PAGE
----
A recent collaborative research between the Scientists of Sathyabama Institute of Science and Technology, Chennai, Russian Academy of Sciences, Russia and National Museum of Natural History (NMNH), Smithsonian Institution, USA have led to the discovery of a new species of nemertean worm (Tetrastemma freyae) (Figure).
The new worm was simultaneously discovered from both Hawaii (Oahu) and India (Chennai, especially from the rocky beach of Kovalam). The result was published in the peer-reviewed scientific journal “Zootaxa”.
“It took almost two years of extensive field work and microscopic examination of different species and specimens collected along the coast of Tamil Nadu (Chennai to Kanyakumari). The new species was identified based on the external and internal morphology combining with the DNA markers” said Mr. Vignesh, Research fellow, Sathyabama (inset photo) and Ms. Ruchi, Research fellow, IIT Madras (inset photo) who collected and identified the new worm species from Kovalam.
“The nemertean worm under the genus Tetrastemma comprises of more than 110 species in the world, however, its diversity is poorly recorded in India. Intense field explorations are much needed to document the nemertean biodiversity in the Indian coastal waters. Moreover, based on the study, we have also standardized the identification characters of nemerteans for future studies” said Dr. Rajesh, Scientist at the Centre for Nanoscience and Nanomedicine Research Unit at Sathyabama.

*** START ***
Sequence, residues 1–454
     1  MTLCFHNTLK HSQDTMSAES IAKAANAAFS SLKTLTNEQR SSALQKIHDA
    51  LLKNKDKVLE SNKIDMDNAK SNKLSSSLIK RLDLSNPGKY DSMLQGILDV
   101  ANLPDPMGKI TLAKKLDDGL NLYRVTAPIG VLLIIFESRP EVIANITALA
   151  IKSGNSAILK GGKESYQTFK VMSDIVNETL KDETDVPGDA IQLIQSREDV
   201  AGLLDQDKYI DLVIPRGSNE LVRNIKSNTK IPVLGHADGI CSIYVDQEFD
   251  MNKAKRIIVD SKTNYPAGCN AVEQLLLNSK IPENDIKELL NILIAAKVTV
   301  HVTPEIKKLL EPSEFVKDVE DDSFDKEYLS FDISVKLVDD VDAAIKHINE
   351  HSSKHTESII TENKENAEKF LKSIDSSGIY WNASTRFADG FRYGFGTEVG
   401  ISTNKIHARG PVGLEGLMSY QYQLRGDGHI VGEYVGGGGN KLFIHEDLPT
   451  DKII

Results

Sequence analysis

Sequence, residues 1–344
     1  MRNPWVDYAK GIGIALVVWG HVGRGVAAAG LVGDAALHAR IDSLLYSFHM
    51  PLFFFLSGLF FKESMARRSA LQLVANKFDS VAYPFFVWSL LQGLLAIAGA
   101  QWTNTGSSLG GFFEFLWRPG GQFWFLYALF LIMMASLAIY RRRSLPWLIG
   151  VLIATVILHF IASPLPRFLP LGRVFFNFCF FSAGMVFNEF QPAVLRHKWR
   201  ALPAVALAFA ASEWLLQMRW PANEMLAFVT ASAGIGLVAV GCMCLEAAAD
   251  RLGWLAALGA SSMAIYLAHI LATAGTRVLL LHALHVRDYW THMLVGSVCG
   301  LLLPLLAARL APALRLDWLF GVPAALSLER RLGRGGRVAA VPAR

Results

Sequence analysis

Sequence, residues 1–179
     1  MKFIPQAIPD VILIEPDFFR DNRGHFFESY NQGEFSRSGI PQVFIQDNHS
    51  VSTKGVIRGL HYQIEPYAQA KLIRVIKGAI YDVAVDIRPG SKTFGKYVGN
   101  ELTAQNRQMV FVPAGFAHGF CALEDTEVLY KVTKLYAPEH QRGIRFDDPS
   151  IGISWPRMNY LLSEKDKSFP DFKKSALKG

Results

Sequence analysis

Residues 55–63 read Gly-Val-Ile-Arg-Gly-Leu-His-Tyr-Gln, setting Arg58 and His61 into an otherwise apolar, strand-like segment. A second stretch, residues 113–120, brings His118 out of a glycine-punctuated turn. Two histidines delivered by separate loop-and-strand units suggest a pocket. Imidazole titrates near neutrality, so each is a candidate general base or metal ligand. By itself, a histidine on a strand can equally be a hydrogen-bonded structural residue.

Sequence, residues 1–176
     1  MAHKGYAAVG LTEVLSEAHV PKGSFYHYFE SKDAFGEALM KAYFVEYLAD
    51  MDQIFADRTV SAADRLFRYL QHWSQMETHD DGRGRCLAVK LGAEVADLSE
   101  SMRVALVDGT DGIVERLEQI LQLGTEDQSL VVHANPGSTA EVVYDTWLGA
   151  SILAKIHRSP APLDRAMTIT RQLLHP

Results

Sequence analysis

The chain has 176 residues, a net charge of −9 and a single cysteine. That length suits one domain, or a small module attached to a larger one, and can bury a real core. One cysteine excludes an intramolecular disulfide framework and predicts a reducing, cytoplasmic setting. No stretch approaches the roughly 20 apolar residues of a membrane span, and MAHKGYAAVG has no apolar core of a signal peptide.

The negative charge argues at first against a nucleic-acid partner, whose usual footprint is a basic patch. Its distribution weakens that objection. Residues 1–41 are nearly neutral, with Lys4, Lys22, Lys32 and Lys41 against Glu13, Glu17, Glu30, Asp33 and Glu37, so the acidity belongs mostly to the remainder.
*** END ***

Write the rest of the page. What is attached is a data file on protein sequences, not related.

“The genus Tetrastemma is such a complex species group and according to our data, tropical seas are inhabited by many nemertean species that remain to be discovered. The present study uses latest histology-free approach for identification of nemerteans. The species has been named after Ms. Freya Goetz of National Museum of Natural History (NMNH), Smithsonian Institution, USA in honor of her several years of remarkable assistance towards the field as well as laboratory work at NMNH” said the lead author Dr. Alexei Chernyshev, Professor at the Russian Academy of sciences and Dr. J. L. Norenburg, Smithsonian Institution, USA.
Lastly, “the new species has been identified based on the integrative approach by combining both the morphology and DNA markers for the first time in Tetrastemma freyae. Thanks to the advancement in DNA based taxonomy which will help us to discover more complex species group in the Indian waters” said Dr. Prakash, Scientist at the Centre for Climate Change Studies, Sathyabama who is currently documenting the Kovalam coastal biodiversity along with his colleagues.